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CS-16 Remission and low disease activity state (LDAS) are protective of intermediate and long-term outcomes in SLE patients. Data from a multi-ethnic, multi-center US cohort
  1. Graciela S Alarcón1,
  2. Manuel Ugarte-Gil2,3,
  3. Guillermo Pons-Estel4,
  4. Luis M Vilá5,
  5. John D Reveille6 and
  6. Gerald McGwin1
  1. 1The University of Alabama at Birmingham, Birmingham, AL, USA
  2. 2Hospital Guillermo Almenara, EsSalud, Lima, Perú
  3. 3Universidad Científica del Sur, Lima, Perú
  4. 4Hospital Provincial de Rosario, Argentina
  5. 5University of Puerto Rico Medical Sciences Campus
  6. 6The University of Texas Health McGovern Medical School


Background Over the last few years the importance of treating patients with SLE towards achieving either Remission or LDAS (Treat-to-Target approach) has become evident. We have now aimed at determining the beneficial effects of achieving these states in lupus patients from a multi-ethnic, multicenter lupus cohort (LUMINA for Lupus in Minorities: Nature vs Nurture).

Methods The LUMINA cohort was started in 1993 and up to 2009 recruited nearly 600 patients of either Caucasian, African or Hispanic ancestry, at three institutions: Alabama, Texas and Puerto Rico. Visits were performed every 6 months for the first year and yearly thereafter. Socioeconomic, demographic and clinical data were obtained at all visits. Disease activity was ascertained with the Systemic Lupus Activity Measure (SLAM) and disease damage with the SLICC Damage Index (SDI). We have now examined all patients’ visits and classified them as corresponding to Remission (SLAM score=0 and Prednisone≤5 mg/day and no immunosuppressants), LDAS (SLAM score ≤3, prednisone <7.5 mg/day, no immunosuppressants) or neither: active. Because of the relatively small number of visits corresponding to Remission, Remission and LDAS visits were examined as a single variable. The association between the last SDI and the percent of time on Remission/LDAS was modeled using Poisson regression with adjustment for variables known to affect this outcome (age, gender, ethnic/racial group, baseline disease activity and disease damage). In a separate multivariable regression model, mortality, adjusting for variables known to affect this outcome, was the end-point.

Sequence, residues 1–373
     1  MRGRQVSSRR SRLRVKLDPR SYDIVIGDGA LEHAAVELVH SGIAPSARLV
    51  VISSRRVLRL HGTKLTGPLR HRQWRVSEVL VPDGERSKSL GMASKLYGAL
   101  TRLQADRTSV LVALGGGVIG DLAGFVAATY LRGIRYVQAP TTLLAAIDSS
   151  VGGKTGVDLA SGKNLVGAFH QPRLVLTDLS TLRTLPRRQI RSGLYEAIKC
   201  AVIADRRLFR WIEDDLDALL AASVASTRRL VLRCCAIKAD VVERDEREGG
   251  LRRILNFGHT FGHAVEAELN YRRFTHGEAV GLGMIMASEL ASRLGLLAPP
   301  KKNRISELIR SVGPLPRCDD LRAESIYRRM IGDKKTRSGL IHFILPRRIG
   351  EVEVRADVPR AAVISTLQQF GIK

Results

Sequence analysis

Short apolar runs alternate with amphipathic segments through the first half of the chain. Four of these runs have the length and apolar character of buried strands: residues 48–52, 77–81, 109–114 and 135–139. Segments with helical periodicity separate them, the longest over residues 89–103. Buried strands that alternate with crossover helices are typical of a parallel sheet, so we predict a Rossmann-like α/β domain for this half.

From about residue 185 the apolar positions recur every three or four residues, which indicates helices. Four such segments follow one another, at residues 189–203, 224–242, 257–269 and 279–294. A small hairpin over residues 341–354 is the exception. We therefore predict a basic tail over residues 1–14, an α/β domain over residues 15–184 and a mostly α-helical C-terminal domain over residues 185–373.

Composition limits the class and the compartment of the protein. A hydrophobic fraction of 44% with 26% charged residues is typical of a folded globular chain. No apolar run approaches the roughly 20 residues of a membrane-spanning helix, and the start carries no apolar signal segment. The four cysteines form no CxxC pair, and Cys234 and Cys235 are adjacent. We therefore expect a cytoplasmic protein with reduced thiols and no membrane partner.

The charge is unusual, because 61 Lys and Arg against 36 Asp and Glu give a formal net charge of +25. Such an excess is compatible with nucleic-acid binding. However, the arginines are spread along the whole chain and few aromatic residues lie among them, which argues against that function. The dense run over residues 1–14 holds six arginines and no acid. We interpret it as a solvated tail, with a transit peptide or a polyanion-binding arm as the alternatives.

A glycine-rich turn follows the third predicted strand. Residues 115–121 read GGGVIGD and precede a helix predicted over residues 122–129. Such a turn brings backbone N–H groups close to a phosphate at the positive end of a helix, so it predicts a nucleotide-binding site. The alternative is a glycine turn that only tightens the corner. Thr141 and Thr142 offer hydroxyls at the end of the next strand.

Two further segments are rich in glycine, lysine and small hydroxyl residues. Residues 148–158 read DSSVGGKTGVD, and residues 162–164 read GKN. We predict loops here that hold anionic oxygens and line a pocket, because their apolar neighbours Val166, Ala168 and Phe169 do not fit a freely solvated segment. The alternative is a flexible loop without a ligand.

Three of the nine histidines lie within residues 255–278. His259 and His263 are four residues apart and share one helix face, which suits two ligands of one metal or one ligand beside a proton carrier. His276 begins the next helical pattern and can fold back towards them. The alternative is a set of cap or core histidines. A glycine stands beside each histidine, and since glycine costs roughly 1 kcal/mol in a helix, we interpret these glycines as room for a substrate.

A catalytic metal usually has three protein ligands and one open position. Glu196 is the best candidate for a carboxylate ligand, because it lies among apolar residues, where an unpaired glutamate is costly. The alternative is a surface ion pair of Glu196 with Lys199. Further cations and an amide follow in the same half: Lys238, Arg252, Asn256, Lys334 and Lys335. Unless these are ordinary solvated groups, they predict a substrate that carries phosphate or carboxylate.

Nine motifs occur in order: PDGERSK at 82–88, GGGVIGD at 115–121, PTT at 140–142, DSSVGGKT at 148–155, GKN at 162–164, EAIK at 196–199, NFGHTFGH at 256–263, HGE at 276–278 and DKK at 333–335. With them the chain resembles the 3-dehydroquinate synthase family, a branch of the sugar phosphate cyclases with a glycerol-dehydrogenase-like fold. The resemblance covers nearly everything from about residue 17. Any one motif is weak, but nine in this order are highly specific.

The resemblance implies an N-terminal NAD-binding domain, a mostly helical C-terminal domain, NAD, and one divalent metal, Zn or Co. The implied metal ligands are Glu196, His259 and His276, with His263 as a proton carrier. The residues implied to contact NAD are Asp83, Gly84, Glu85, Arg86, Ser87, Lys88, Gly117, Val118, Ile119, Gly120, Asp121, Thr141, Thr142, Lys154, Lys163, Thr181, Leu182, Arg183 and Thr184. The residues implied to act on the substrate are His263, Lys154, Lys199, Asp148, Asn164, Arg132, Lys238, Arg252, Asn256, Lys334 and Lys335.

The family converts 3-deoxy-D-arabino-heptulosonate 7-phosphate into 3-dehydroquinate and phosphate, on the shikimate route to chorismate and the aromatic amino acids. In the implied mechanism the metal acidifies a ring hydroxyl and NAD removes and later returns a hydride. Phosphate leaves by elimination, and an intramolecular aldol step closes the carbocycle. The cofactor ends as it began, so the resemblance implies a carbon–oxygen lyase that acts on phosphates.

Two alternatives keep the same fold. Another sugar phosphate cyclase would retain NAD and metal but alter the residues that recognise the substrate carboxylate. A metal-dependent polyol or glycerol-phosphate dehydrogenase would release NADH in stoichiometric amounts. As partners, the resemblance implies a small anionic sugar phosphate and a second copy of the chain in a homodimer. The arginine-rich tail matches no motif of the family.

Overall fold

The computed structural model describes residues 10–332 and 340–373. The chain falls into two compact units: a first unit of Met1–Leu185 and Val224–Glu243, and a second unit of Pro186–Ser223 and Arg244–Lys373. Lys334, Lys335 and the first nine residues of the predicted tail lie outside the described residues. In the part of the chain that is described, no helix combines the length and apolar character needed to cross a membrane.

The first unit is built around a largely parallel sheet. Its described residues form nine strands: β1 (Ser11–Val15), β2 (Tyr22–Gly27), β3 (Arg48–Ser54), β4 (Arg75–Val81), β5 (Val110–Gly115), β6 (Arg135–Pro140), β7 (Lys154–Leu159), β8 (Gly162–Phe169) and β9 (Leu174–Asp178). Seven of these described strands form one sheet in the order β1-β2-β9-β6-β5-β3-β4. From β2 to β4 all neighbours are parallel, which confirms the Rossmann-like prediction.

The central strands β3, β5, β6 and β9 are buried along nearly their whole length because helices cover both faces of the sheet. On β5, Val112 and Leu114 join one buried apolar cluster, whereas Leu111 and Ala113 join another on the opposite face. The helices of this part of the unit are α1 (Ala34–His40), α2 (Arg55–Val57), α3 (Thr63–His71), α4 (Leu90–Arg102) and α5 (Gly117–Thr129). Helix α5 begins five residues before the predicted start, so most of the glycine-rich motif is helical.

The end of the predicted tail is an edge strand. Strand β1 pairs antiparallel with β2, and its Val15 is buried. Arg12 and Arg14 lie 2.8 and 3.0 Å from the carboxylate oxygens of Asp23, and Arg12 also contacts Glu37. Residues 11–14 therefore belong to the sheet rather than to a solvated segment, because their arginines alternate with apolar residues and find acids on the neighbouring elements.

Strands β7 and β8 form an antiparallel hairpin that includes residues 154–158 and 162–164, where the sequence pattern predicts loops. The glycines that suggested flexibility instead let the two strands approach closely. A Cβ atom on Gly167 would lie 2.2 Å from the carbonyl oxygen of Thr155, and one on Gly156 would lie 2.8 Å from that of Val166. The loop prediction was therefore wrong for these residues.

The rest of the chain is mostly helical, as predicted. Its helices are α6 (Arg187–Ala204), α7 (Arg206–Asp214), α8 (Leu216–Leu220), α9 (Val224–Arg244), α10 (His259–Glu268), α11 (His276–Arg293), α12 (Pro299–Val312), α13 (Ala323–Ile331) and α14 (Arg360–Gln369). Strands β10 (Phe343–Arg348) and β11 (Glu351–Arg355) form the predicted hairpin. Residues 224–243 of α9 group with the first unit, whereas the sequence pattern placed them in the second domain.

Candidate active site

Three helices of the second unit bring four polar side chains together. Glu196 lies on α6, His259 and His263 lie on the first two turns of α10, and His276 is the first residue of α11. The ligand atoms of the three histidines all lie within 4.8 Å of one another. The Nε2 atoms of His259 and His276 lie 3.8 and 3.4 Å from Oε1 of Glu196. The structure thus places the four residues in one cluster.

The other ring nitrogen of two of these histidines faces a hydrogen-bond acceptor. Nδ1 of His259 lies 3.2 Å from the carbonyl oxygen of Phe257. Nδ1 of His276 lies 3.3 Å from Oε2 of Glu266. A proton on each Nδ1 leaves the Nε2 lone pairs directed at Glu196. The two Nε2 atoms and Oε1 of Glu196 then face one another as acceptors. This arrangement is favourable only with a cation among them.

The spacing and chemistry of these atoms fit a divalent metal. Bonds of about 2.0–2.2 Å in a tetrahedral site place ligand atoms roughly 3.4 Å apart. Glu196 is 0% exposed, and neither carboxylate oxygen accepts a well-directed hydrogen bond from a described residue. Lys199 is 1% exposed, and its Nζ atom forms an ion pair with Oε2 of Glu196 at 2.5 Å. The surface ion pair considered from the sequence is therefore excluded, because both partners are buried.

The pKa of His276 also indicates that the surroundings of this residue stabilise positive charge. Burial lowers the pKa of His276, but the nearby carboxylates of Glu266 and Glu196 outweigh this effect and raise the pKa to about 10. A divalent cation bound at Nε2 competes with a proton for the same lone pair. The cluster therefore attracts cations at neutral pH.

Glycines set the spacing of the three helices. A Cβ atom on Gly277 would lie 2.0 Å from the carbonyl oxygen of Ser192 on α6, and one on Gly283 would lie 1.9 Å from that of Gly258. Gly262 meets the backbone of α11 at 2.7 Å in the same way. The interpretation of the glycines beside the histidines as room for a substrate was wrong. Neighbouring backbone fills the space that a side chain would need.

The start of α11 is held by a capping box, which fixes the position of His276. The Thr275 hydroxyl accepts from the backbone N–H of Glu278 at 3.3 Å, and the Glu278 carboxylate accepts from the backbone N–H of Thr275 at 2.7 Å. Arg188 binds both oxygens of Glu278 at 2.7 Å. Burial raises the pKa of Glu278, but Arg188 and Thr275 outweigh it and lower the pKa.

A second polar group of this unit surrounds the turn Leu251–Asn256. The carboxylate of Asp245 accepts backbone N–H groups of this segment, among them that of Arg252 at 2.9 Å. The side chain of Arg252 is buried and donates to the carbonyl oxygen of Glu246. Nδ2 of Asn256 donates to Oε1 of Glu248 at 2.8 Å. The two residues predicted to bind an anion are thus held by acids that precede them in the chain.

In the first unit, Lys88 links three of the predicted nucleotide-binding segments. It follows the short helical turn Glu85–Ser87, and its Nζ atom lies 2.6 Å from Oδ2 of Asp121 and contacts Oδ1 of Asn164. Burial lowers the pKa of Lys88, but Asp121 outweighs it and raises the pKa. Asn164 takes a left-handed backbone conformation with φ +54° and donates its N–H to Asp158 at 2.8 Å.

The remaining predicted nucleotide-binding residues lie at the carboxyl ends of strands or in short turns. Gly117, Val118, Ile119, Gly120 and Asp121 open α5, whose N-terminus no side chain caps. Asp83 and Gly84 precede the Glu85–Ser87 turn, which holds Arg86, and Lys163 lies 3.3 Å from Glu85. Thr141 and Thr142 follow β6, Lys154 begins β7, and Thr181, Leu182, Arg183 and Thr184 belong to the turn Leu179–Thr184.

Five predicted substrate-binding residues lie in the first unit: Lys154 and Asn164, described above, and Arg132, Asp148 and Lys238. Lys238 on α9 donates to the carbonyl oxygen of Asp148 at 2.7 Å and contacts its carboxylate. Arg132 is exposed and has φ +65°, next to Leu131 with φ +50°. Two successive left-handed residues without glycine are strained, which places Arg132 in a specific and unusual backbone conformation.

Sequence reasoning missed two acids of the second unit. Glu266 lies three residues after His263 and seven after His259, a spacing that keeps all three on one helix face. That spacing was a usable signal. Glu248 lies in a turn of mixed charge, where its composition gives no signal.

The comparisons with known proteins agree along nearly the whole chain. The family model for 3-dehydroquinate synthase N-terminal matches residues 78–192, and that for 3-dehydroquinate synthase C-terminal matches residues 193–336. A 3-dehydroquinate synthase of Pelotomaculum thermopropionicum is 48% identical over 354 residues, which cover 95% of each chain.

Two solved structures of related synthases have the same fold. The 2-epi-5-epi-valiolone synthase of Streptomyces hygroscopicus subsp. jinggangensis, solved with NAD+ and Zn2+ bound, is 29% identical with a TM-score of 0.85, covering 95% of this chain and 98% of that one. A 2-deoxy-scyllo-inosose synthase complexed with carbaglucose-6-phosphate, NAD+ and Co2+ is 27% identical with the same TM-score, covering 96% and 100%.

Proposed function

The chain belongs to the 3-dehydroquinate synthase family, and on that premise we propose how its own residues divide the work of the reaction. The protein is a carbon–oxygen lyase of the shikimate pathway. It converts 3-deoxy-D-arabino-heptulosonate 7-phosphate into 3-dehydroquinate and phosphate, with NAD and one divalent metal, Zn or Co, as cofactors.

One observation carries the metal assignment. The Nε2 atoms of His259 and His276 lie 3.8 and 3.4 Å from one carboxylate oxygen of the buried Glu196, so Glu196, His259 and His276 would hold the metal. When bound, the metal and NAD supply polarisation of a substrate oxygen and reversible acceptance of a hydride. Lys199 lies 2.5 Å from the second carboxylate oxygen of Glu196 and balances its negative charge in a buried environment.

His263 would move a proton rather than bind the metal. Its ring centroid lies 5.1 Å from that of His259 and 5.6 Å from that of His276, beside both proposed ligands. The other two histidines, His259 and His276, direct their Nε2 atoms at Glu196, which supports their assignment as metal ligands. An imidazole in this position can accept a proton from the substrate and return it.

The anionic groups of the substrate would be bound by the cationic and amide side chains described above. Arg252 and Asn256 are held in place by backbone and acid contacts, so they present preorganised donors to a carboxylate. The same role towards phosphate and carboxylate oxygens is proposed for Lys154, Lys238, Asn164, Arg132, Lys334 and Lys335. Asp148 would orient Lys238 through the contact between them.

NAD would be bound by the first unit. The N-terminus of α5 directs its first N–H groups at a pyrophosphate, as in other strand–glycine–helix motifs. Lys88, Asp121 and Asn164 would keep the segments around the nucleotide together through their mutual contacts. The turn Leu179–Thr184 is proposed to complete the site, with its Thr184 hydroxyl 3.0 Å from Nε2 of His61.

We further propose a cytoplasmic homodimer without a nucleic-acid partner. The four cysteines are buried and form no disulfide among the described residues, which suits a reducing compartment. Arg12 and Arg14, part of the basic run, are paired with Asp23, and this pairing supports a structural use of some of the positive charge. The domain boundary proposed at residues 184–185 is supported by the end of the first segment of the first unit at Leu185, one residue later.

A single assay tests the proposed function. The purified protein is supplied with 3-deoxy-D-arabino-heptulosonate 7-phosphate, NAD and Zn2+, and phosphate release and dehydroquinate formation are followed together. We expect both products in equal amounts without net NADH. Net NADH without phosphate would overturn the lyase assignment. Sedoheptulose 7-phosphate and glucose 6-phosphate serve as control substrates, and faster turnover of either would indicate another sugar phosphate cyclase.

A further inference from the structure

Results Visits for 558 patients (total number of visits: 3979; median number of visits per patient: 6.8, interquartile range 4–6) were examined. The longer patients were on Remission/LDAS, the less likely they were to accrue damage [Parameter estimate −1.049 (Wald 95% CI −1.3875 to −0.7043), p<0.001]. In terms of mortality the direction of the association was as expected (protective) but statistical significance was not reached [Parameter estimate −1.1932 (Wald 95% CI 0.8003 to 2.2228), p=0.1360].

Conclusions The longer lupus patients are in remission/LDAS, the less likely they are to accrue damage. Other significant variables in this analysis, were, as expected, associated with damage (older age, male gender, not being from Puerto Rico, higher disease activity at baseline and higher damage at the baseline visit). Although the direction of the association in terms of mortality was as expected, statistical significance was not reached. These data have implications for the management of patients with lupus regardless of their ethnic/racial background.

Acknowledgements To all LUMINA patients for generously giving their time, and to coordinators and research assistants who made this study possible.

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